Ongoing ocean heat uptake and associated thermal expansion have continued and increased since 2000 (compared with previous decades), with a significant amount of heat being stored deeper in the water column and with the largest storage in the Southern Ocean. New estimates of global glacier mass loss indicate improved agreement between studies and thus smaller uncertainties over the twentieth century, but with little change in their average value. Two regional studies suggest glacier contributions to GMSL rise that are less than assessed by the AR5, but additional studies are required to assess the implications for the global estimates. The acceleration of mass loss from Greenland, primarily as a result of increased surface melting is continuing. Mass loss from the Antarctic ice sheet is also accelerating, with most of that loss coming from discharge from the Amundsen Sea sector of the WAIS that is larger than the estimated increase in accumulation in East Antarctica. Observations and model simulations suggest that this acceleration may be associated with a marine ice sheet instability that may have been initiated in parts of the WAIS by an increased flux of CDW across the continental shelf. When the Antarctic and Greenland ice sheets are taken together, the estimated acceleration is larger than observed from the satellite altimeter sea level record, including at the upper end where their combined acceleration (range from 0.112 to 0.140 mm year−2) exceeds that inferred from analysis of the satellite altimeter sea level record (0.099 mm year−2) [38]. However, we note that the ice sheet estimates (2003–2013) are only for the latter half of the satellite altimeter period (1993 to mid-2014), during which time the sea level acceleration may be larger. Also, increased mass gain in land water storage and parts of East Antarctica, and decreased mass loss from glaciers in Alaska and some other regions such that the total acceleration in the ocean mass gain is consistent with the satellite altimeter record. There have not yet been any new comprehensive attempts to close the budget since 1900 or 1993, but it would appear that following the methodology of Gregory et al. [83], the sum of contributions can explain the observed rise.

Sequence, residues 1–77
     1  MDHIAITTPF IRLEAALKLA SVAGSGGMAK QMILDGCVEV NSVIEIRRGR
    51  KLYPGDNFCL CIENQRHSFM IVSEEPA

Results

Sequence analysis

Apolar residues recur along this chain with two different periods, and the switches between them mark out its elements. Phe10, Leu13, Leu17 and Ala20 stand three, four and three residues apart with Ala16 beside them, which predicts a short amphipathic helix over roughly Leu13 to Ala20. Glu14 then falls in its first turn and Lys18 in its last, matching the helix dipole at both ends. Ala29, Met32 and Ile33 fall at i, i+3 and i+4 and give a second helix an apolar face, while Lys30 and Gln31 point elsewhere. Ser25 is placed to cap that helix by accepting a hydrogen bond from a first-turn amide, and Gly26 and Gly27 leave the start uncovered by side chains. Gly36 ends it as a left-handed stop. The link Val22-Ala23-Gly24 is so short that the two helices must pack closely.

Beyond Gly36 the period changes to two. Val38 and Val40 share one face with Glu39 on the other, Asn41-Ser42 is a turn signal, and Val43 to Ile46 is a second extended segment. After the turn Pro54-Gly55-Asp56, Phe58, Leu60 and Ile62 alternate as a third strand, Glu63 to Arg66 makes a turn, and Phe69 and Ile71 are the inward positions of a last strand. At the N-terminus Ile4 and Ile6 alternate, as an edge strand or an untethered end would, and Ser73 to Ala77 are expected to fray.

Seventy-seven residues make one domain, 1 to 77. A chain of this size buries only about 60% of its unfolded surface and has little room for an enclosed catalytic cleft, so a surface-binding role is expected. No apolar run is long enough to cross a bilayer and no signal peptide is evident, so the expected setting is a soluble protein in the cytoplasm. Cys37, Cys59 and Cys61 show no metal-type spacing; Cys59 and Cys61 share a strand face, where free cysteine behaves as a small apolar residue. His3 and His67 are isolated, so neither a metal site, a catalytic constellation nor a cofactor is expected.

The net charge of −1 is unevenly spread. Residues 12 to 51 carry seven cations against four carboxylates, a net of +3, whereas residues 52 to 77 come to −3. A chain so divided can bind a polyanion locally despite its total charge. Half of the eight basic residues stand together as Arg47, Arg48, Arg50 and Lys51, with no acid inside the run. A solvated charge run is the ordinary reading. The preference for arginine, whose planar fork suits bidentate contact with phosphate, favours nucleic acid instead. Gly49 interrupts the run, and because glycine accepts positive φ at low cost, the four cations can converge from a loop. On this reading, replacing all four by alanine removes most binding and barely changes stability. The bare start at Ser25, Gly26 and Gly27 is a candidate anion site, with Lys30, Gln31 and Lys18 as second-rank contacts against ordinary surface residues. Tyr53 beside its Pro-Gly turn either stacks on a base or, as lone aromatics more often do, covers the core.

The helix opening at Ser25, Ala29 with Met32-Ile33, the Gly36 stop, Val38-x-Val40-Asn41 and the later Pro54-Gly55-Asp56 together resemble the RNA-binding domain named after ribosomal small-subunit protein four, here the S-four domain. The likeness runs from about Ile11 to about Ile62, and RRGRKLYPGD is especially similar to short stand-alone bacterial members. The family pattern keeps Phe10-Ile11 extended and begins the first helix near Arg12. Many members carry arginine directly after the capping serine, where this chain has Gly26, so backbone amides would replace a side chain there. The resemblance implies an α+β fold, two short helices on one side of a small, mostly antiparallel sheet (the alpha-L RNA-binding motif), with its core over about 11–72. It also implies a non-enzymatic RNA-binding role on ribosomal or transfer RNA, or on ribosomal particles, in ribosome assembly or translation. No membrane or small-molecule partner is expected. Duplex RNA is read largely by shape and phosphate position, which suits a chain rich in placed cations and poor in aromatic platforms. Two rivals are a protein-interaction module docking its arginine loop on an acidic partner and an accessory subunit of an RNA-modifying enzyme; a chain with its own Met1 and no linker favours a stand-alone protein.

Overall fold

The first formal detection studies for ocean thermal expansion and glacier mass loss, which were the two largest contributors to twentieth century GMSL rise, have confirmed the AR5 assessment of a significant anthropogenic contribution to sea level rise over the last 50 years.